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Insulating Walls in a Hot-Humid Climate

AndyATL | Posted in General Questions on

Hi Everyone,
This site has taught me so much and will continue to- I’m very thankful for its existence!

So, what had happened was… I bought a house “as is” and the person renovating it quit halfway through and right now I’m at the point of insulating before sheetrock goes up.

Firstly, I’m in climate 3a- hot and humid summers and mild winters (atlanta area). My house is a 1963 ranch with a crawlspace, exterior is brick and there’s a black fiber board behind that with an airgap between the two. The walls are framed with 2×4’s and I’m also under a flight path so I want to mitigate sound as much as possible.

1- what is this black board? Is it okay that there’s nails poking through and how do I patch spots that need it? There’s not many but there are a few.

2- I have been gathering materials but I’ve read so much online that I’ve confused myself and what I need is for someone knowledgeable to say “okay, this is what you want to do and in this order” instead of leaving me with choices and options because I’m really overwhelmed by all the choices.

I have various foam boards (foamular and two different types of foil-faced- 1/2″ and 1″)  but I don’t know how to use them properly- I am terrified of doing the wrong thing and having big problems to deal with down the road. Help! I plan on using mineral or rockwool insulation for the exterior walls but should I incorporate some of this foam board? how, and in what order?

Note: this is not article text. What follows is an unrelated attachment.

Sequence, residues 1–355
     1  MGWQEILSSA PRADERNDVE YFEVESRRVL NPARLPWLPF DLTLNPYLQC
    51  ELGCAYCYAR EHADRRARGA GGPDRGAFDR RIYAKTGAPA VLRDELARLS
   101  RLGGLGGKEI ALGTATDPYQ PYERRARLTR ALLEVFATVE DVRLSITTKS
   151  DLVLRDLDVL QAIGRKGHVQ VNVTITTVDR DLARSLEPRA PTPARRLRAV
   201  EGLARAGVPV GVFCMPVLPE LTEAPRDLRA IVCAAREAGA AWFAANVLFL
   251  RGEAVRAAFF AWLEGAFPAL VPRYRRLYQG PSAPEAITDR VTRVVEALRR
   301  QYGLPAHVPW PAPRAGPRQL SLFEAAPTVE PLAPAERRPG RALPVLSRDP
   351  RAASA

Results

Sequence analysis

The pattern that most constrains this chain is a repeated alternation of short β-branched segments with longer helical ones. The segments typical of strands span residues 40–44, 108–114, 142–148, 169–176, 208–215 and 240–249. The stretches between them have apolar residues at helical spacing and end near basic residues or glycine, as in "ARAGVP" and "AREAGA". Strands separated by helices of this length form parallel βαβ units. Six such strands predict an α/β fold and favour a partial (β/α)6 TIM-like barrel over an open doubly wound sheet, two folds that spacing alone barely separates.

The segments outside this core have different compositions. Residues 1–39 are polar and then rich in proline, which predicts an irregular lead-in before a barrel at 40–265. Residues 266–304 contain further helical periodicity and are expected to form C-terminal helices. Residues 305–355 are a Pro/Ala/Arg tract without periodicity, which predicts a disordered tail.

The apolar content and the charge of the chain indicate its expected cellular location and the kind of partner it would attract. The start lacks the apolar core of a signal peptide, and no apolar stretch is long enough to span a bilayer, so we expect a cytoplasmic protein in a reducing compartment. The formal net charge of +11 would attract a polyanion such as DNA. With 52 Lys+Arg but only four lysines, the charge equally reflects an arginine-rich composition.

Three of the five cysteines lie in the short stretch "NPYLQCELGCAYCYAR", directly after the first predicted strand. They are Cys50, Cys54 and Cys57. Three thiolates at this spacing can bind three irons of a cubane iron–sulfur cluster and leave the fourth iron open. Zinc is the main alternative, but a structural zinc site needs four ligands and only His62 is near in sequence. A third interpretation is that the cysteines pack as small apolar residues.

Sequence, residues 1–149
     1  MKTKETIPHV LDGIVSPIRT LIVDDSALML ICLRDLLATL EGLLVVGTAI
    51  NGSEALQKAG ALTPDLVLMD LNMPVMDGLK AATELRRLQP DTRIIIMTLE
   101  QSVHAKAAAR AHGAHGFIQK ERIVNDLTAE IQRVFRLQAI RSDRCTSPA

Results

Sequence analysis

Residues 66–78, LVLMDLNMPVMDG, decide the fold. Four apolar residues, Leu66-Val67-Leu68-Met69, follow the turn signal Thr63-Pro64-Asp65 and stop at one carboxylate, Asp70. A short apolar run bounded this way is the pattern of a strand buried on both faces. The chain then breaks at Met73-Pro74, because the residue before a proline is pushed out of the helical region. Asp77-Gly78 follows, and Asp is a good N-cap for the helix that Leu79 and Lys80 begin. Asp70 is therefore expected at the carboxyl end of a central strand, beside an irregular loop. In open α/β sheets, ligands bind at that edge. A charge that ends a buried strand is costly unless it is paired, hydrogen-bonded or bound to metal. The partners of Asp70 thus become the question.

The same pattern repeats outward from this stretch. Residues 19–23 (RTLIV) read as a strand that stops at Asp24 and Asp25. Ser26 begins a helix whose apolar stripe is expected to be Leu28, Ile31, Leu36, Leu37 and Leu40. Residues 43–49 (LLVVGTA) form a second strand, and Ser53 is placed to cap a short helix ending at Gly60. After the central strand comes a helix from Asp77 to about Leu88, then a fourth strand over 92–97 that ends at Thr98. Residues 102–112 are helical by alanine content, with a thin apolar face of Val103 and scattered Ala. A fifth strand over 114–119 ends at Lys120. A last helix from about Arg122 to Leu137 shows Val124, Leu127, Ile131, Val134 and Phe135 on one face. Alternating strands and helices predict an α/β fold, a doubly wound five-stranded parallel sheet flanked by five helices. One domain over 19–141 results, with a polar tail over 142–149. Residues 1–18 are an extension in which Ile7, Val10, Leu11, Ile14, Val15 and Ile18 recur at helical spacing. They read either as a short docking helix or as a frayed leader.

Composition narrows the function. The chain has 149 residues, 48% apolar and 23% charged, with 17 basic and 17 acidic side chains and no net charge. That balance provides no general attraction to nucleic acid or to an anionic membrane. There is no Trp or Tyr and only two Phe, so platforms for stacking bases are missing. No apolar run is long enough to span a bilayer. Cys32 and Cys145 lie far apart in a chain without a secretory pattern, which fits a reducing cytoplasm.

The insulation is the only thing I’m doing by myself, btw. Everything else is being done by professionals.

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Replies

  1. Steve Knapp CZ 3A Georgia | | #1

    AndyATL,

    1. It's probably fiberboard or exterior drywall. You don't need to worry about nails but should caulk or tape any holes. Since all the walls are open, you also have the opportunity to air seal the walls and windows, which will help with mitigating noise. Here is one article that should be helpful: https://www.greenbuildingadvisor.com/article/forget-vapor-diffusion-stop-the-air-leaks.

    2. I would fill the wall framing with high density fiberglass or rockwool batts. You might be able to use the rigid foam on the walls of your crawlspace. If you have room to work, it would be a good time to convert it into a sealed space. For more on this topic, see https://www.greenbuildingadvisor.com/article/building-an-unvented-crawl-space.

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